I Played It Like Twice...
a close up shot of the game Super Boss Monster, featuring a library area and a hideout area with minion meeples standing there as well as some dungeon room cards like Kobold Union and Puzzle Door

But Not Too Bold: Building a Better Dungeon in Boss Monster

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  • I see board games in the store and they always look so cool and then I buy them and bring them home, I’m so excited to open them, and then I play them, like, twice… This column is dedicated to the love of games for those of us whose eyes may be bigger than our stomachs when it comes to playing, and the joy that we can all take from games, even if we don’t play them very often.

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    Years back, I was attending a board game night at a friend’s house where I was introduced to the game Boss Monster. I had heard of it before, but this was my first time playing, in probably ideal surroundings – a bunch of fellow nerds, some of whom had played the game before.

    That was also my last experience with Boss Monster until several years later. Though I enjoyed my time, I didn’t pick up the game or any of its expansions until I backed the Kickstarter for Overboss, also from Brotherwise Games and ostensibly set in the same pixelated video game-adjacent universe.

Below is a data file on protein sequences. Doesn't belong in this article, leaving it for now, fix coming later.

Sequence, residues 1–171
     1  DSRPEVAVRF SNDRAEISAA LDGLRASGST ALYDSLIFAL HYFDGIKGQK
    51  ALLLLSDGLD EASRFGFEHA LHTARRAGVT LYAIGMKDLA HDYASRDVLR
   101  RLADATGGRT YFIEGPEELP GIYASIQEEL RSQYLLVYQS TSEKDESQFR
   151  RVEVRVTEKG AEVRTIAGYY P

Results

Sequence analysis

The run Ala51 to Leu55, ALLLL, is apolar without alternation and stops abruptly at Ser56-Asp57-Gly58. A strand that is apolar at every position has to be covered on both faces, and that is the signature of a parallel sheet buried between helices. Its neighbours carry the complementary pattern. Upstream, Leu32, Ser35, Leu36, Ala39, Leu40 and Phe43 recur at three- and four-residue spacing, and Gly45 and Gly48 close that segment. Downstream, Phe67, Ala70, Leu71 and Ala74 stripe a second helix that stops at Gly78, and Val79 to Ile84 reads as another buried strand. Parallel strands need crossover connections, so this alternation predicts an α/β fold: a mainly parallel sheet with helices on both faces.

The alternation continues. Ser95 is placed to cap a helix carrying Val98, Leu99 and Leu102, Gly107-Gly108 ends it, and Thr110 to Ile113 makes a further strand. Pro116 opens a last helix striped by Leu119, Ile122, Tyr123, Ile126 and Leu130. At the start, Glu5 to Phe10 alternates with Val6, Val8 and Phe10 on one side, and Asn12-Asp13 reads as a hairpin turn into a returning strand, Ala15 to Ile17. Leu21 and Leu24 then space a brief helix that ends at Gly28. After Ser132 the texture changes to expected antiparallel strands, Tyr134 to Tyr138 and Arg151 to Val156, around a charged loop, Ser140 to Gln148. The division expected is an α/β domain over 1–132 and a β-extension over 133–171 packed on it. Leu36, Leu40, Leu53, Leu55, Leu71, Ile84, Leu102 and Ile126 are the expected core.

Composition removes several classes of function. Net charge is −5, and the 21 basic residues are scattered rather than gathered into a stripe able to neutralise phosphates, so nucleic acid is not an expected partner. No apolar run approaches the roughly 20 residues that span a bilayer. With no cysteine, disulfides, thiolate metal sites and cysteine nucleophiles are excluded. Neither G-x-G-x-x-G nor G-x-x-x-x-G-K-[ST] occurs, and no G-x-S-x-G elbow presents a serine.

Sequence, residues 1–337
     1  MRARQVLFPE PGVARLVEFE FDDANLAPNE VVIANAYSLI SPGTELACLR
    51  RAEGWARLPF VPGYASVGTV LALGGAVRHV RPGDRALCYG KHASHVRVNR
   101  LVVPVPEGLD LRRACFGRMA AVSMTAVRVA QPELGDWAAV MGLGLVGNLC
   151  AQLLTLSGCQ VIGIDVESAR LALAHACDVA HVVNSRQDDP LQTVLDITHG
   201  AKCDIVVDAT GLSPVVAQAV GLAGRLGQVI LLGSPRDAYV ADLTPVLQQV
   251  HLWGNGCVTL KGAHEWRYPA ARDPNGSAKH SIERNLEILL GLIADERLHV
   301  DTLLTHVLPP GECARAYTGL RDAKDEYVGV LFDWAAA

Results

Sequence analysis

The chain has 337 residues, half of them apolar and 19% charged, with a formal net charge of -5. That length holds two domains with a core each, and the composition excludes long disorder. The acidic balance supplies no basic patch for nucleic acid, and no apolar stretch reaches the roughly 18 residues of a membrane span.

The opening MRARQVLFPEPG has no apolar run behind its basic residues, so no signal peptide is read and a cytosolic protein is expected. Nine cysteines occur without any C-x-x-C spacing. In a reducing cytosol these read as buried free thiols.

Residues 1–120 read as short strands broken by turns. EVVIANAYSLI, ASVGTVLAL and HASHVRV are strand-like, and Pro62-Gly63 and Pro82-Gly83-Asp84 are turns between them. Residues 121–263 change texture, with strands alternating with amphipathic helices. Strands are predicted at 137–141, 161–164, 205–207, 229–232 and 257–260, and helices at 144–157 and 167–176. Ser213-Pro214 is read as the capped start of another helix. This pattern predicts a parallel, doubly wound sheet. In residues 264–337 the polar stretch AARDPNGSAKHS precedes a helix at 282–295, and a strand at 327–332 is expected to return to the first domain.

As in Overboss, the premise of Boss Monster sees the usual script being flipped, as you take control of one of the eponymous boss monsters, who must construct dungeons to simultaneously lure adventurers and ensure that they meet their doom. The trick of the game is in that delicate balance between building dungeons that are tempting enough to draw in the adventurers you need, while challenging enough to ensure that those adventurers don’t survive to the end in order to do you harm.

    At a glance, the mechanics of Boss Monster seem incredibly simple. Each player takes a boss monster and begins building a dungeon with that monster at the end. They do this by placing a new room in their dungeon on each turn, drawn from a deck of cards. Furthermore, adventurers show up in “town” at the start of every turn, and are drawn to the dungeons which boast treasure icons matching their preferred form of loot.

    Once attracted to a dungeon, an adventurer makes their way through it one “room” at a time, with each room potentially doing damage to the adventurer. If the dungeon is powerful enough to kill them, then the player who took them out gains their “soul” (card). If not, the adventurer makes it to the end of the dungeon and damages the boss monster there. Gather 10 souls or take 5 damage and you win or lose, respectively.

    Each of these game elements are made up of cards and one of the selling points of Boss Monster is that, from a bits and bobs perspective, there’s not much to it. The whole game is contained in a little box not much bigger than what new checkbooks would have come in, back when checkbooks were a thing, and all that you need to play are the handful of decks contained within.